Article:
Opiate Addiction in the US: Chasing the Dragon

This documentary “Chasing the Dragon” puts a face on the opiate/heroin epidemic sweeping the United States. This public health issue has been decades in the making. The fact that it affects predominantly white families – affluent, middle class and the rural poor – has created a stigma that has kept this problem out of the public eye. Drug addiction has been treated as a failure of character in this country instead of as a disease. The crack epidemic of the 80s was considered a problem affecting the black community – “thugs” and “crackheads” were racially charged terms.

The genesis of this current opiate epidemic is the result of a perfect storm of circumstances covered in Sam Quinones book “DreamLand: The True Tale of America’s Opiate Epidemic.” A single paragraph in the New England Journal of Medicine in 1980 stating that there was no evidence that opiates used for pain management was addictive became the “research” quoted for the next two decades by big pharma as they sold millions of prescription painkillers to the public. That prescription painkiller market created a huge market for a much cheaper drug in the form of black tar heroin coming across the border from Mexico.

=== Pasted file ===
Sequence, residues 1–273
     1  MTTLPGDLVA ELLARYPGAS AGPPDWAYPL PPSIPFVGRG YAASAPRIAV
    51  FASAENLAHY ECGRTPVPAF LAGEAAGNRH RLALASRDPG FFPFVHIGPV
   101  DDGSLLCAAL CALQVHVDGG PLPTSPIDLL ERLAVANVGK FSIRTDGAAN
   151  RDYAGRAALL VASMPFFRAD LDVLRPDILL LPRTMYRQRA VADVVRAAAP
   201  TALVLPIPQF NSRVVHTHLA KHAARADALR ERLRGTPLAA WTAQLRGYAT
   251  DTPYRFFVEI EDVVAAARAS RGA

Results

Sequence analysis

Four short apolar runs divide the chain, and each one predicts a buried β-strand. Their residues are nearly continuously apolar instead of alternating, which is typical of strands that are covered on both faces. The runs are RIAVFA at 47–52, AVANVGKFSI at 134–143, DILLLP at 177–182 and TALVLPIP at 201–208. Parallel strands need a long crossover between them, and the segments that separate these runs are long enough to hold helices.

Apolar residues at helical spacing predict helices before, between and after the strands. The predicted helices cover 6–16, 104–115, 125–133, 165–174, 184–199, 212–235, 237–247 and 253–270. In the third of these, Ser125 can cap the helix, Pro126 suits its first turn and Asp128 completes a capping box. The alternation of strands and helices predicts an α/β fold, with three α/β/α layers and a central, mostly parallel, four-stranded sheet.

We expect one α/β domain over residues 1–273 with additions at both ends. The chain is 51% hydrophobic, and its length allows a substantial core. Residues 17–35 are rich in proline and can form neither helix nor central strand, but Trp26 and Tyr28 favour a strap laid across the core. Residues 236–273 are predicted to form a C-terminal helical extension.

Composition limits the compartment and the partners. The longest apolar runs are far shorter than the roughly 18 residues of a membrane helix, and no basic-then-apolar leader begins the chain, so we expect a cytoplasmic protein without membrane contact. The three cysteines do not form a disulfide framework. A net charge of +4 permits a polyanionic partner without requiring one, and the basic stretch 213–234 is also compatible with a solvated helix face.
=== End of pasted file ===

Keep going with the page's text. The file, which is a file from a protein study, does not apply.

We need to understand this epidemic. It’s affecting every community large and small across the entire country. Many families will not talk about the drug addiction affecting their family members. There is a tremendous stigma that has kept it a secret for far too long. Unlike other illnesses, addiction is not something people are willing to talk about. That silence has allowed this problem to continue to spread.

Shining the light on this issue is the only way to beat back this insidious monster that is stealing people’s lives.

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